On the campaign trail, Joe Biden promised change to “heal the soul of the nation.” It was one of one of the candidate’s most often repeated phrases. But when it comes to immigration policy in the next administration, quick change is unlikely.
Sarah Pierce is a policy analyst at the Migration Policy Institute, a nonpartisan, left leaning think tank based in Washington DC.
“The problem is volume and bandwidth,” she said. “The Trump administration had immigration policy as its top priority, and they poured everything they had into enacting that agenda as quickly as possible. And that’s how they were able to enact more than four hundred changes to immigration policy.”
Immigration is not listed among the Biden transition team’s top five policy priorities. Pierce said that the pandemic and economic recovery are taking top spots – there’s a lot going on.
As she sees it “immigration is just not a top issue are politically beneficial issue for Democrats. So there’s no way they’re going to be able to reverse everything that Trump did in four years or even if in eight years, if they’re given the opportunity.”
And familiar players from the Obama era have been tapped to lead Biden’s transition team, to the ire of critics and immigration activists.
“It’s no secret that Biden is a centrist Democrat, but he’s definitely being pulled left on some issues,” Pierce said. “When you look at his promises for the first 100 days, some of them include issues that are definitely from left-leaning Democrats, including a moratorium on deportations for 100 days because the southern border and asylum were so visible during the Trump administration”
Pierce said resources and procedures at the southern border are currently set up to focus on enforcement first. The system is not equipped to handle the influx of refugees in a way that focuses on humanitarian concerns.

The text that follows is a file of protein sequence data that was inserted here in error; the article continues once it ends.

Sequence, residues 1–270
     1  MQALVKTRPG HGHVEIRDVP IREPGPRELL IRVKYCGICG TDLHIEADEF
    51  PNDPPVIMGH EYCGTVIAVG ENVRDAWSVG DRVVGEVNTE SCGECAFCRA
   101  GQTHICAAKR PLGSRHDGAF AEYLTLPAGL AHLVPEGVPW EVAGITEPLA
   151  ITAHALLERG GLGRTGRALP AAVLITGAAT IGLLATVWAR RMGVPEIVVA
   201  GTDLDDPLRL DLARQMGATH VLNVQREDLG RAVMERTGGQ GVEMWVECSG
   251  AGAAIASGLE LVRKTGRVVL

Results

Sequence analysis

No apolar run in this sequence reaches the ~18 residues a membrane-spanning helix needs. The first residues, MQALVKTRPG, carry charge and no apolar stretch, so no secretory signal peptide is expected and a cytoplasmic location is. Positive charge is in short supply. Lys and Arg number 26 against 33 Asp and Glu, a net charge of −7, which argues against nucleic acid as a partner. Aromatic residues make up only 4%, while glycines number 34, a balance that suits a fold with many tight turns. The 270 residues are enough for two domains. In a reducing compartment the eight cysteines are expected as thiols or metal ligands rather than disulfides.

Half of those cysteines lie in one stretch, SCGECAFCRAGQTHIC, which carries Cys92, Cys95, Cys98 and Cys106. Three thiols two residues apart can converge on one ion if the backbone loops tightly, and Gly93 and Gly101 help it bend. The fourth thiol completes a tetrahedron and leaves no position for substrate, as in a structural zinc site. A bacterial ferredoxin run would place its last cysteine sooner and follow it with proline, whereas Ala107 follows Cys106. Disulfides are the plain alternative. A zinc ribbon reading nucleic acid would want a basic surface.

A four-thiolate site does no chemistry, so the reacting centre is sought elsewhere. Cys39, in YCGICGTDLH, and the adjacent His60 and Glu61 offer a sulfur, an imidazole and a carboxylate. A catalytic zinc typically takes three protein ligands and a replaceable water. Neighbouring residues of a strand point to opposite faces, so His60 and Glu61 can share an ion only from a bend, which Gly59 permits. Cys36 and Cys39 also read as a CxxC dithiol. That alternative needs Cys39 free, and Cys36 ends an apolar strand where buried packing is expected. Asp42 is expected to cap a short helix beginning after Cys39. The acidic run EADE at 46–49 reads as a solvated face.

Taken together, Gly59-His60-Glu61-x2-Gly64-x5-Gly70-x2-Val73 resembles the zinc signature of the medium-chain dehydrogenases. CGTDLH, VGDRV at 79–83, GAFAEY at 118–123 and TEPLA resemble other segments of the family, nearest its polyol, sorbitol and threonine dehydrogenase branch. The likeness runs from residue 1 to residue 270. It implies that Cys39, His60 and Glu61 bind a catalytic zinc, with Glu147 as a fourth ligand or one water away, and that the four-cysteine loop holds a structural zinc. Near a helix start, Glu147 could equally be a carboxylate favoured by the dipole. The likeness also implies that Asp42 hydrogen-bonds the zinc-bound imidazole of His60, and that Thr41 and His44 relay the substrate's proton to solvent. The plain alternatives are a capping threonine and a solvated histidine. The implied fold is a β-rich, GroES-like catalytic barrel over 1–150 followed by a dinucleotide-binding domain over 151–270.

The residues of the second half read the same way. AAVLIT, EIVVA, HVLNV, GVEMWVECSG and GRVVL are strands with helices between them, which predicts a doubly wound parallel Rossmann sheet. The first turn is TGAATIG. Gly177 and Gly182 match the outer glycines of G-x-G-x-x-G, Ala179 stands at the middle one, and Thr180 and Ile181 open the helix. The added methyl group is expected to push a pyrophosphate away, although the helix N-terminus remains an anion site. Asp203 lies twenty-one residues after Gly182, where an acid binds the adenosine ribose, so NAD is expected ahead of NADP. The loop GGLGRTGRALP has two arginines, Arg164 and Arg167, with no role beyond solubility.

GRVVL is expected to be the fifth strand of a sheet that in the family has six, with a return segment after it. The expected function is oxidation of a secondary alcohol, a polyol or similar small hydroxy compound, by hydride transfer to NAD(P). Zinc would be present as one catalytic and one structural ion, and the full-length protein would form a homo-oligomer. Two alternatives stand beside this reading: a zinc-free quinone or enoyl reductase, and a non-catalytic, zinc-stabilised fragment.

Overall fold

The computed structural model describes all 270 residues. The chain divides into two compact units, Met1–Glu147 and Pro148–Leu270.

“What I’m hoping is that the new administration, when they get to office, work really quickly to establish the proper resources and procedures at the southern border to handle humanitarian flows in order to prepare for new surges,” Pierce said.
Pierce said that during the early part of the Obama administration there was a lot of disappointment among immigration advocates, but it’s important to look at Obama’s overall timeline.
“If you look at the final two years in particular, President Obama put into place priorities that focused enforcement on serious criminals and early arrivals,” she said. “So I am hoping that even though we’ve seen Biden leaning into administrators that were present during the Obama administration, we’re going to see a return to kind of the final Obama years where it’s very focused [on] enforcement and focused on making sure that unauthorized immigrants who have been in the country for a very long time aren’t living in fear and are able to live their full lives.”